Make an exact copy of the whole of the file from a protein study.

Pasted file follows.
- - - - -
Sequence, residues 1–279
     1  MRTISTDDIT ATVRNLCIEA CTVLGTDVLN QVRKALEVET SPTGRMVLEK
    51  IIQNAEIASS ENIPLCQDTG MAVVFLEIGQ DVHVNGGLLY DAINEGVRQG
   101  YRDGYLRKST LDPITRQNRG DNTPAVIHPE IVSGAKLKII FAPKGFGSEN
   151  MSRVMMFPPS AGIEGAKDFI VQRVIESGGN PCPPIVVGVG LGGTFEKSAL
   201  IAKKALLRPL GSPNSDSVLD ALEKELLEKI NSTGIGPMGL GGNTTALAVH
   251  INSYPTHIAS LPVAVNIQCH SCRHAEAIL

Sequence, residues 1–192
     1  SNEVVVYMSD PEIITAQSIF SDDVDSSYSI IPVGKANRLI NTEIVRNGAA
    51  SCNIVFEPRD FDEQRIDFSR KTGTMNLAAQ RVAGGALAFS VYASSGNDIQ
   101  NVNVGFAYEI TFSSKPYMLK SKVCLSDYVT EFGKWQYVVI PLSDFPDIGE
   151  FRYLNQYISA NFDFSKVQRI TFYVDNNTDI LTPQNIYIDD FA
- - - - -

Sequence, residues 1–279
     1  MRTISTDDIT ATVRNLCIEA CTVLGTDVLN QVRKALEVET SPTGRMVLEK
    51  IIQNAEIASS ENIPLCQDTG MAVVFLEIGQ DVHVNGGLLY DAINEGVRQG
   101  YRDGYLRKST LDPITRQNRG DNTPAVIHPE IVSGAKLKII FAPKGFGSEN
   151  MSRVMMFPPS AGIEGAKDFI VQRVIESGGN PCPPIVVGVG LGGTFEKSAL
   201  IAKKALLRPL GSPNSDSVLD ALEKELLEKI NSTGIGPMGL GGNTTALAVH
   251  INSYPTHIAS LPVAVNIQCH SCRHAEAIL

Sequence, residues 1–192
     1  SNEVVVYMSD PEIITAQSIF SDDVDSSYSI IPVGKANRLI NTEIVRNGAA
    51  SCNIVFEPRD FDEQRIDFSR KTGTMNLAAQ RVAGGALAFS VYASSGNDIQ
   101  NVNVGFAYEI TFSSKPYMLK SKVCLSDYVT EFGKWQYVVI PLSDFPDIGE
   151  FRYLNQYISA NFDFSKVQRI TFYVDNNTDI LTPQNIYIDD FA